Civic Education: Rebuilding Country and Community through The Georgian Supplementary Schools Movement

Supplementary schools are rather recent and growing ethnic minority community organizations in Georgia. Local individuals start supplementary schooling to provide children with courses and activities. Through integrating critical race theory and using an interview study, this research aims to investigate supplementary school leaders’ perceptions about the social positioning of themselves and their schools. The results demonstrate that leaders of these educational sites, by operating as teachers and activists, create oppositional practices, meanings, and narratives through utilizing and cultivating resistant and aspirational capitals in community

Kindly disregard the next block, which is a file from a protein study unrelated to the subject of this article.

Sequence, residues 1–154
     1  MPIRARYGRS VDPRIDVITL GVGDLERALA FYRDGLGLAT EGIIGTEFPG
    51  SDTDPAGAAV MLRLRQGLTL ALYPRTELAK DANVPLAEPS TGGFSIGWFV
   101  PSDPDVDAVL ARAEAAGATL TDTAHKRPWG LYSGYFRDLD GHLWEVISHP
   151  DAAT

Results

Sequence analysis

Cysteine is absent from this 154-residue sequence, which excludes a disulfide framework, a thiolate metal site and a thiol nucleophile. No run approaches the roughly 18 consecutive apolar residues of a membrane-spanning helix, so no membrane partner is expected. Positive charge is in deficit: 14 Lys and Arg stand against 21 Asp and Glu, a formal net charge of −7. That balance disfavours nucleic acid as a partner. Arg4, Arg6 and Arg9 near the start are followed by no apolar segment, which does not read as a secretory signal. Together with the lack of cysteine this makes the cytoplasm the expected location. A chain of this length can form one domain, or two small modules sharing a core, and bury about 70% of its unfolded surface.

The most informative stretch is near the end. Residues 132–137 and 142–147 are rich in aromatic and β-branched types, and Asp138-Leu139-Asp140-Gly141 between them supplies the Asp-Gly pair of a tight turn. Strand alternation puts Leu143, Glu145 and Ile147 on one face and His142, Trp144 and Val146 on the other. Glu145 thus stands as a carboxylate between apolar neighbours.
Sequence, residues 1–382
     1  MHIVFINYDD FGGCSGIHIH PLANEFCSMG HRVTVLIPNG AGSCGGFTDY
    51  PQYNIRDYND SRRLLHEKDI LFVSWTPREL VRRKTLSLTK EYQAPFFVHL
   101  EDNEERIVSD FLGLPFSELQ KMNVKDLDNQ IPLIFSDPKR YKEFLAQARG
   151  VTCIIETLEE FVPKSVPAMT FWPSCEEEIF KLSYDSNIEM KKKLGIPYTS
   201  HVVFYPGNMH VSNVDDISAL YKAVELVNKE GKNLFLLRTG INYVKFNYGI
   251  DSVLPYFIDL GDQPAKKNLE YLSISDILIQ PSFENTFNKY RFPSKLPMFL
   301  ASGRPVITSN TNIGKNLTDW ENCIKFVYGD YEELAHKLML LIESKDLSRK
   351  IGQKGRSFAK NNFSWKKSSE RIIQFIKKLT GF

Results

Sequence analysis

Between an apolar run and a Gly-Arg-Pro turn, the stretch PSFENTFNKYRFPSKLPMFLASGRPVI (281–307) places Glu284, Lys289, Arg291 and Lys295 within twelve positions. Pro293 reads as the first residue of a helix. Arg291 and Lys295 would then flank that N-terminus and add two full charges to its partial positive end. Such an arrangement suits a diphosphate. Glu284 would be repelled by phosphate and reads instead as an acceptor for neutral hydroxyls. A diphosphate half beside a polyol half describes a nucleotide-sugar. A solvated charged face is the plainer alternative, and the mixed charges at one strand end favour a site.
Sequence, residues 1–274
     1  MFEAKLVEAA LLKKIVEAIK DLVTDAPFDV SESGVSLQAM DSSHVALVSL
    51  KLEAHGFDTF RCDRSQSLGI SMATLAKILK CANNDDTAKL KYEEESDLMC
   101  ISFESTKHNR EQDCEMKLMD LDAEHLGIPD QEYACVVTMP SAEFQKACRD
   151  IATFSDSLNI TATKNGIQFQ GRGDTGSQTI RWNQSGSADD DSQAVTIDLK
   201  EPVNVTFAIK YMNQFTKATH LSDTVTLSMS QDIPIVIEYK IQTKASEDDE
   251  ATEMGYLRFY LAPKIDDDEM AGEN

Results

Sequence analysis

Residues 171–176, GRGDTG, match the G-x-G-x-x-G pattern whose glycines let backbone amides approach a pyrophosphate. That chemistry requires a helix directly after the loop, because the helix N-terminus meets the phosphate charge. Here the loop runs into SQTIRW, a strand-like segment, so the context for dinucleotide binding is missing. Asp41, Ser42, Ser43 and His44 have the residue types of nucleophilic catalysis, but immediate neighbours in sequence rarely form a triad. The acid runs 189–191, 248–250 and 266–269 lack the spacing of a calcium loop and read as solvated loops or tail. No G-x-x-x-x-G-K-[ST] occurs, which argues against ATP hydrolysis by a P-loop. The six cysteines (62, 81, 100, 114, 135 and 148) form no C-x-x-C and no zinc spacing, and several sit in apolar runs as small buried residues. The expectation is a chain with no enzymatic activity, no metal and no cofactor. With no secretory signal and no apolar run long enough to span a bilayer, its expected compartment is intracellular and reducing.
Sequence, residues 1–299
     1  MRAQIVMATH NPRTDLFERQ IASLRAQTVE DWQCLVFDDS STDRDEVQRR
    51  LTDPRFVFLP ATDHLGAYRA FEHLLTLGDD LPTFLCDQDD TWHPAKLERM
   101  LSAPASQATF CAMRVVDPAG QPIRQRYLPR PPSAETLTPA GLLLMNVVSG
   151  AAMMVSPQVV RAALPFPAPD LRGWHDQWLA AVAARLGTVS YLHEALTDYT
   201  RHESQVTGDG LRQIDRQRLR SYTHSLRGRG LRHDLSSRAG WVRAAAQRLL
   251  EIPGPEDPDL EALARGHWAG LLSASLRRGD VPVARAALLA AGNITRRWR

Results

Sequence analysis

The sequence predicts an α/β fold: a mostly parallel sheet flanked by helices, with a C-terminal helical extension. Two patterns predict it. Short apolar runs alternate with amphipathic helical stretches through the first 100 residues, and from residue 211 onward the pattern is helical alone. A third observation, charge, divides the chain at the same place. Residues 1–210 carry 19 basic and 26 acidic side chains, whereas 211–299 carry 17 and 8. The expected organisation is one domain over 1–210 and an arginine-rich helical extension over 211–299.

cultural wealth. The social positioning of supplementary schools shows that they, by generating oppositional meanings and symbolic actions, instilling hope, solidarity, collective action, providing formalinformal and civic education for children and community, intend to build a civil society, which portrays them as a new social movement.

In addition, this study shows the forms and context of community activism in the ethnic minority region of Georgia.

Researcher and author of the study: Narmina Guseinova